Peak oil - Apr 22
Click on the headline (link) for the full text.
Many more articles are available through the Energy Bulletin homepage
Fatih Birol (IEA) interview: 'We have warned them'
Astrid SchneiderInternationale Politik (Journal of the German Council on Foreign Relations)
Original in German. 12-page article.
Fatih Birol: Prices will not immediately rise x-fold but gradually, so some time remains to adapt but longterm it is clear. If oil is finished in 2030, 2040 or 2050 doesn't change a thing.
S: You say that?
F.B: Yes, one day it will definitely come to an end and I think we should leave oil before it leaves us. This should be our motto.
.... F.B. We sounded the alarm bells in Nov. 2007 and this Nov. with WEO 2008 the bells may well shrill much louder. ... It is up to the governments, we have warned them. "
Translation by "sorry" at TOD's DrumBeat today. I read the rest of this long interview, using my high school German. Fatih Birol seems more outspoken than usual -- this would be a good article to have available in English.
PDF version of interview. -BA
After the Peak: Peak oil film shows impact on local community
Jim McQuaid, Film website
Orange County, North Carolina is the setting for this docudrama about the end of cheap oil. Using a local TV news broadcast as its format, After The Peak drives home just how dependent we are on an ever-increasing supply of cheap oil, a dependency that has us on a collision course with the realities of oil supplies. After The Peak is a way to think locally about a global problem.
After The Peak is a glimpse of how the end of cheap oil is likely to impact your community.
Jim McQuaid made After The Peak because he is concerned with America's addiction to cheap oil and because he could see that the time is coming when supporting our "habit" will become a huge problem. McQuaid has made a number of short films, mostly dramas about human situations we can all relate to. He brought a dramatic sensibility to this often dry subject. Instead of making a normal documentary, he was compelled to tell the story in a way everyone could relate to. He did this by making the story completely local.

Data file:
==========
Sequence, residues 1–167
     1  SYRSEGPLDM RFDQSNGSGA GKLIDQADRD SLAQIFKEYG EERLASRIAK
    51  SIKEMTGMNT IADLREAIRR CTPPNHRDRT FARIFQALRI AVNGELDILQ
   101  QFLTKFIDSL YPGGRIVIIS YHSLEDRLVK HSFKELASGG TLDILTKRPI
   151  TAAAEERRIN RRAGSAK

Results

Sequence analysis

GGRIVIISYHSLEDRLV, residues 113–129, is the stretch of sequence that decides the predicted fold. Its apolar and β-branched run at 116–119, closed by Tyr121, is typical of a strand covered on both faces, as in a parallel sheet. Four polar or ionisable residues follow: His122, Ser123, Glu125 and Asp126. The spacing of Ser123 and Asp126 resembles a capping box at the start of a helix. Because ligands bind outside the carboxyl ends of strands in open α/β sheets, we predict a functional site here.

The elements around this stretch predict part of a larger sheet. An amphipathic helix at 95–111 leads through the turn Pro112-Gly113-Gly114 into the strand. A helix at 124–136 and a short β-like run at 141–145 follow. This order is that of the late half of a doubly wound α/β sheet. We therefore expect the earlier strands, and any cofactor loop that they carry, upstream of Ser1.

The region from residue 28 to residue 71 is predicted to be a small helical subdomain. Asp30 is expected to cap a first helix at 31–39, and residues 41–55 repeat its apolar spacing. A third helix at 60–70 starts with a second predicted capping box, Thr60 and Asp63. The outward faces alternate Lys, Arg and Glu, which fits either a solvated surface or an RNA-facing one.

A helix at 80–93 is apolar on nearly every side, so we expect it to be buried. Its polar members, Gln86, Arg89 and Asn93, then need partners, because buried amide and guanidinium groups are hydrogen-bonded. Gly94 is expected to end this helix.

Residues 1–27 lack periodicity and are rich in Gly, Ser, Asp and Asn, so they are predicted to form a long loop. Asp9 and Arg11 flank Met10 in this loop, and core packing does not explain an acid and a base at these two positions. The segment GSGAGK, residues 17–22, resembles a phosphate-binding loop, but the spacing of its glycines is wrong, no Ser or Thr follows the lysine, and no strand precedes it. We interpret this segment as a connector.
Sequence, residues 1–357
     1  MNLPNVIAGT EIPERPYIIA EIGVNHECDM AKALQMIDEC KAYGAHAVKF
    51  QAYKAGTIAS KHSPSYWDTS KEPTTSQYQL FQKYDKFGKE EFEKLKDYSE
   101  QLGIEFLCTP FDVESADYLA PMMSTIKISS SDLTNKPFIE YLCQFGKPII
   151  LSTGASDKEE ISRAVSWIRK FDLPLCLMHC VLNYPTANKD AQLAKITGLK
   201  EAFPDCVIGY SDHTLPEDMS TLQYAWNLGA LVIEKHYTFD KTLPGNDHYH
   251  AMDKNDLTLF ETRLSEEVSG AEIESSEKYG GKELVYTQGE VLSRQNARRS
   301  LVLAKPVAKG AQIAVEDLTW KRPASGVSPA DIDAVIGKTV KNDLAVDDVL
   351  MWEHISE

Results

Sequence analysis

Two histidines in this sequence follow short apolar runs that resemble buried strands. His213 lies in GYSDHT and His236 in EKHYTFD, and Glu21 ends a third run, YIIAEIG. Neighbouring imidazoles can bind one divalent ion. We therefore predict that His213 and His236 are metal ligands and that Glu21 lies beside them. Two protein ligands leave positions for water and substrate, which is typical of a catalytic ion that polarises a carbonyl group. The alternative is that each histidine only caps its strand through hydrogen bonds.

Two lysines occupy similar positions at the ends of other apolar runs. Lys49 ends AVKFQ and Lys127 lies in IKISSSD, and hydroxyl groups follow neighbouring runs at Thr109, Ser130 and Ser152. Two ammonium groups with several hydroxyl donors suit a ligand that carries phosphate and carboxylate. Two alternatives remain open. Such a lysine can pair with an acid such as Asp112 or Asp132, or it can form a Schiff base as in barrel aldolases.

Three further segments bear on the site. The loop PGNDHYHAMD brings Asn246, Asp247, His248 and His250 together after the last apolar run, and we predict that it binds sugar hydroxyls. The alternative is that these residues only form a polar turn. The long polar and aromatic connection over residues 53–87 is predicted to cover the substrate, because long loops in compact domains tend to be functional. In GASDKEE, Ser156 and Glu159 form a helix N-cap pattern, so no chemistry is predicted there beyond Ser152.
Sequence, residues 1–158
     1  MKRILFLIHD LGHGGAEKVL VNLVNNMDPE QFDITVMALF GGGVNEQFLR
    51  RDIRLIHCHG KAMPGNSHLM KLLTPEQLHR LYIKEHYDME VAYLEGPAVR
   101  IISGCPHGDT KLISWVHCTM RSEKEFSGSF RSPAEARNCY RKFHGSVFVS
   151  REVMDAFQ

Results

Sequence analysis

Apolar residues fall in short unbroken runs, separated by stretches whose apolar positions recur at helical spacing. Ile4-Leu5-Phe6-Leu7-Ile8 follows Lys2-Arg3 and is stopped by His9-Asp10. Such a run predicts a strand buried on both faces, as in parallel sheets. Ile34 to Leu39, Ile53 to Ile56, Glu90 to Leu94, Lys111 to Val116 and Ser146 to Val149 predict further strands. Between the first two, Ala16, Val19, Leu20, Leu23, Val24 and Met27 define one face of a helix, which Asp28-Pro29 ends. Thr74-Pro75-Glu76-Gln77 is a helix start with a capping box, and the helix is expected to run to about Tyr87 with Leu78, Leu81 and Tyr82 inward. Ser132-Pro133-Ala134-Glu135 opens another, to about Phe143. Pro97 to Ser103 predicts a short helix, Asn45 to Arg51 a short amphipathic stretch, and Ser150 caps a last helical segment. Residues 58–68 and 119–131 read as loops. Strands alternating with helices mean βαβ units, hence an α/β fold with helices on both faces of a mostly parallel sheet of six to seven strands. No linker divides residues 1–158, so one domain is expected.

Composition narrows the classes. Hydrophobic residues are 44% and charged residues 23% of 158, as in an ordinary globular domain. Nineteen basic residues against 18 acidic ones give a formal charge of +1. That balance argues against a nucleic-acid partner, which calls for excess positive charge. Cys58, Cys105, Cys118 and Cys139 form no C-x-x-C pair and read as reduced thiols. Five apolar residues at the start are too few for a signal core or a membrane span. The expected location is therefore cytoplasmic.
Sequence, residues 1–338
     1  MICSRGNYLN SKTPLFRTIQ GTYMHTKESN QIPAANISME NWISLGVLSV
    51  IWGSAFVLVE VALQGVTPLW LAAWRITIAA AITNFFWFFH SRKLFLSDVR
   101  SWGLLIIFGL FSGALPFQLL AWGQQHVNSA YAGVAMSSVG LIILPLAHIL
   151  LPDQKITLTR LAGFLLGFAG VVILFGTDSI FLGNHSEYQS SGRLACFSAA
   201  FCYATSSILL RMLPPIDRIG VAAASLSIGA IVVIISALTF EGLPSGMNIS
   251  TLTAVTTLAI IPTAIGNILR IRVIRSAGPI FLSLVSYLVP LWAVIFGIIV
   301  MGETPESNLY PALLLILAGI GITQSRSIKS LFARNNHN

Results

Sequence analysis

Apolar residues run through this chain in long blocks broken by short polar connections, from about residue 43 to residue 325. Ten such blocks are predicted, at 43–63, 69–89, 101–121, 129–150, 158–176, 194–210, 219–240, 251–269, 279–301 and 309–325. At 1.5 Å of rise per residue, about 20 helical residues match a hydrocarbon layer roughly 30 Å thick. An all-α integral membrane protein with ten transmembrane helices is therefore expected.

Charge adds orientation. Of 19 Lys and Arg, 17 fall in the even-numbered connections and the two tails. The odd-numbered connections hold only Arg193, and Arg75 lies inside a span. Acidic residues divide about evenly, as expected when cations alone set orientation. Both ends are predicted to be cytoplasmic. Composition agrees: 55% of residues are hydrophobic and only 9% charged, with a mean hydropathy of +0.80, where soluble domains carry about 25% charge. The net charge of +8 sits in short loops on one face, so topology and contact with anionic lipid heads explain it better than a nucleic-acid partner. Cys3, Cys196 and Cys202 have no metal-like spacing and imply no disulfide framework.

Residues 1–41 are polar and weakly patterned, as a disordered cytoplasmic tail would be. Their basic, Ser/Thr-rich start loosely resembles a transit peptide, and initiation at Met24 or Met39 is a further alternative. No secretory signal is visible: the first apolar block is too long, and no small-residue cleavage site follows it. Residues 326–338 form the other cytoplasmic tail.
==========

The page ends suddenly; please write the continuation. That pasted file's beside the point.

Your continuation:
The end of cheap oil could be told with dozens of graphs and talking heads discussing how many hundreds of thousands of barrels a day are consumed by X or Y or Z. But it's hard for most folks to stay awake and engaged when they watch something like that. The best way to make it local and accessible was to to emulate the local news.
More information and a trailer at film website. The DVD is for sale online there and at Amazon. Another trailer is on YouTube. -BA
Bartlett Delivers 42nd Peak Oil Special Order (video)
Rep. Roscoe Bartlett, United States Congress
Washington, DC - Representative Roscoe Bartlett (R-MD)
Rep. Bartlett delivers his 42nd Special Order speech on peak oil, historical warnings predicted rising fuel prices and limited supply and why those warnings were ignored.
Related content found at:
(17 April 2008)
Future looks bleak at the peak
Jonathan Porter, The Australian
PEAK Oil. Remember the phrase. Either capped, like this: Peak Oil, or probably soon lower case: peak oil, as it comes into common usage.
... The idea behind the phrase is that we have already passed, or are about to pass, peak oil production on Earth
... As China and India come online we will go through the next trillion barrels by either 2030 or next Sunday, again depending on whom you talk to and how recently they got out of economists rehab. By the way, the next trillion barrels also happens to be our last trillion, and I don't see anyone pumping more dinosaur fossils into the Earth's crust.
Within four days of the world realising we are running out of oil there will be savages outside your front door, armed with spears, bent on carrying off your womenfolk.
Your property in the inner city will be worthless, because that is where most of the roaming armed bands will be concentrated.
Well, before all this happens, you will have to relocate to somewhere you can grow your own crops, raise your own swine and tend your own steak. A place you can lay mines, set up claymores, string grenades in trees, and dig spider holes and pits full of punji stakes to stop incoming marauders.
Or so the increasingly hysterical Peak Oil believers would have us believe.
Maybe I've steeped myself too thoroughly in Peak Oil lore, but it has made me think about buying 250 hectares or so well away from any population centre, stocking up the Prius with some canned goods and a bazooka or two, getting a couple of females of breeding age and clearing fields of fire around the house.
(25 March 2008)
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